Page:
Why Tracking Your Progress Will Make You Hate Yourself Less
Self acceptance is nearly impossible. In our twenties it's hard to accept anything: change, graduating from college, moving to a new city, our bodies, our careers.
In the fog where we facebook stalk our "more successful" friends and get down on ourselves for not being "put together", its easy to get caught up in the "I suck" mantra.
No inspirational quote can help with whatever deep-seeded self-doubt we've developed over the years, but I've discovered something that can:
Tracking your progress.
Now this may sound a little bit ridiculous, considering the depth of what we're talking about, but planning and tracking my daily tasks, goals and challenges has changed my life.
I bought a planner after envying countless women on Youtube who were way more put together than me. When I saw these people on the screen with their pastel colored worlds, shiny smiles and perfect make-up...I wanted to be like them.
I didn't want to trade in my spontaneous edge and chaos for a square life filled with methodical primping and planning, but I did want to achieve more of a balance.When you spend so much time in a free-fall that it becomes a routine, you have to change.
So I purchased the Create 365 Happy Planner, which, by name seems a little stupid, but has honestly changed the way I do everything. Planning things out has never been my strong-suit, but today I look down at an organized week full of goals, quotes, stickers and decorations and think, man...life is a lot easier than I have been making it.
When I stare at a blank week in my little book of revelations, things seem a lot more hopeful. It displays the choices I can make to get better, or worse. I am tracking each move I make. I am being more conscious. Planning things out, and encouraging myself to think forward, but not ahead has brought me a sense of calm unlike any other.
For once the chaos in my head melted away. The responsibility lands on my planner now. If I write it down and look at it every day, I can get it done.
The point is, once I started actually using the God damn thing I've started to hate myself less.
I plan every Sunday. It is my hour to sit and really think about the next week and what I want to accomplish. It's a time for reflection on what worked the week before, and what didn't. It's a time for me to look at myself and be like, "hey, are you doing the best you can, or are you fucking up a little bit?"
And that answer comes out in the plan.
Recently I've gotten serious about getting sober, at least for a little while. And each day I go without drinking is a little victory. In the book of revelations I have five tick marks. Once I reach a week I'll put down a little sticker with a smile. Tracking progress. No matter how banal and idiotic it may seem, is helping me get over my demons. It's helping me be a better person.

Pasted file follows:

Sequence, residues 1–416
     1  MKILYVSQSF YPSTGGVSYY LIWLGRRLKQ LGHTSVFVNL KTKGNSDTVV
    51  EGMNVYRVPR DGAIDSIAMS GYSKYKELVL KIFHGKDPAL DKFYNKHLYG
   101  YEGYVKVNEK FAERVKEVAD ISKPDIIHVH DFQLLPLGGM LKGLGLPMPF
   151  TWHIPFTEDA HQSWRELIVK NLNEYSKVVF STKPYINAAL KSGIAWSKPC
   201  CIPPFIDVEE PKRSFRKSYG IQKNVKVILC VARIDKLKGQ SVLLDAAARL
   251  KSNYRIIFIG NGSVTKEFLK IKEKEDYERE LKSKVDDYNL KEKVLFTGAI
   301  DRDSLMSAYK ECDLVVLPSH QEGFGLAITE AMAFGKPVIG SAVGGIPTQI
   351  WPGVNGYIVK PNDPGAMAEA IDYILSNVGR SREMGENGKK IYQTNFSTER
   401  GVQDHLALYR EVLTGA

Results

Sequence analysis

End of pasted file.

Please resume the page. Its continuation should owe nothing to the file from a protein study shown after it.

Each day I eat healthy, I write down a little note like, "Good job not screwing up." and in my brain, that matters. It's a running chronicle of my life choices. It's helping me see light in things that I always avoided before like trying to better my mood or making healthier choices.
Although the shiny people on Youtube have their own sets of problems, mine don't seem as daunting anymore. I can look at my little bible and smile, because my life is on track. And when I hop over the railings and stir up some trouble, I make a little note. "Do better next time."
In my little book, there are no judgments, only observation. For someone slowly recovering from years of self-hatred that's a really good thing. Planners are just one way to hate yourself less, and they don't work for everyone. But I implore you, if you feel like nothing can help, that you're spinning out of control. Just buy one. It costs less than a bottle of booze and can give you more to look forward to than just a hangover.
When I look back in my planner, I don't see a fuck up like I used to, I see progress. And that's all we can hope for as humans, to progress from our primitive selves to fully evolved versions.
Some people decorate them, others just make lists. No matter what your style is, planners can increase productivity. They also make you look at yourself honestly.
I've been tracking my progress in a serious and diligent way for the past two months, and I've never felt more in control.
Although I'm not even close to accepting myself, my world has a bit more pastel in it. I'm closer to liking what I see, what I do and how I feel. My planner, my book of revelations has really helped with that. Because it's not just a stupid little book with decorations in it, it's a living chronicle. It's a letter to myself...with mistakes and victories all laid out in a grid. To me, it's beautiful.
This little book doesn't change who I am, it doesn't detract from the danger and the fun I've always held close, it just organizes it.
No matter how fun flailing in the darkness has been, it's a lot easier to stand tall, steady and sure that tomorrow if all else fails, I have my plan.